He holds his breath as he waits for Ling’s response, the quiet and amused “Yes, sir,” he hears behind him surprises a laugh out of him.
“Good. Now get some real sleep before that asshole comes back.” There’s a hum of assent, but Ling doesn’t leave. Ed gets it, he thinks, and doesn’t say anything.
“I thought you’d left,” he whispers, a confused smile on his face. Ling is perched on the windowsill of the hospital room Ed’s been sharing with Alphonse. He looks like he belongs there, with the full moon backlighting him and a warm grin. Ed thinks, not for the first time in the many months they spent traveling, that Ling might be a little too handsome for his own good. And, that he wants to punch that stupid handsome face.
Ed slides from his bed with a wince, waving for Ling to follow. He can’t hear Ling behind him, but he’s used to that by now. He trusts that he’s following.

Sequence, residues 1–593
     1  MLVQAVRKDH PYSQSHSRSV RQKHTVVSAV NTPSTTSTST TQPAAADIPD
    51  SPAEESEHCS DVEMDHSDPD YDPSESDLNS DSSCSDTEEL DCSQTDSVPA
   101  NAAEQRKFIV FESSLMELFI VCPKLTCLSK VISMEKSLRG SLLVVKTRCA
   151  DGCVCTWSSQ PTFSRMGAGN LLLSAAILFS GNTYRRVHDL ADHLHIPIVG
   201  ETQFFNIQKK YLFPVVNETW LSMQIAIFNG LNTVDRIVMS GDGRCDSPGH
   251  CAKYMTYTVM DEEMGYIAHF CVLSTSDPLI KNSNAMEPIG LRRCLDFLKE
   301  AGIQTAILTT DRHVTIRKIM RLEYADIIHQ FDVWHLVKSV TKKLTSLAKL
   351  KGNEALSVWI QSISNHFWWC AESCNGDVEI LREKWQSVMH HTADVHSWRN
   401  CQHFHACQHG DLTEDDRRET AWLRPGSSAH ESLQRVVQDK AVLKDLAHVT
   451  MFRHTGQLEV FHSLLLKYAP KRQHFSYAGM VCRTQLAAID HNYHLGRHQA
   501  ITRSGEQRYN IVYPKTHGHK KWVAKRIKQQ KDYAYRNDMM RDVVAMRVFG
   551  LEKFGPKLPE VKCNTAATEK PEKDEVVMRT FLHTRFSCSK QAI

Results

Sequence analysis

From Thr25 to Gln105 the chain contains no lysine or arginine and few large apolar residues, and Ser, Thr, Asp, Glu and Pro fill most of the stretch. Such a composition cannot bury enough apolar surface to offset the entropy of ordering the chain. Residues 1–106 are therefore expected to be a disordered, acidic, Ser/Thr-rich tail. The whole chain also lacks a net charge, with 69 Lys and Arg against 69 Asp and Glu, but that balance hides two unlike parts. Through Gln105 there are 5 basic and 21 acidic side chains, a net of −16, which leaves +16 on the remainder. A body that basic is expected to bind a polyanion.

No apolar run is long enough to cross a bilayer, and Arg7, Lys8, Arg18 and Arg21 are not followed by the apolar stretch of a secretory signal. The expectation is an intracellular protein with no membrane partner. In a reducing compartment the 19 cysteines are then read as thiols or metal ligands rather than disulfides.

There’s a small balcony overlooking the hospital’s courtyard, and Ed leads them there. It’s the middle of the night, and the yawn he can’t stifle down makes that all too clear. “Sorry,” he manages to say through it.
“Don’t be, I shouldn’t be bothering you this late. You’re still recovering.” Ling puts a hand on his shoulder and guides him to one of the stone benches–something Ed’s all too grateful for. They sit there in the cool spring night, enjoying the peace they’d been robbed of over the past year. They finally have a chance to breathe.
“I thought you’d left. It’s been a week, I was sure you’d be back in Xing by now,” Ed starts, elbowing him with his right arm.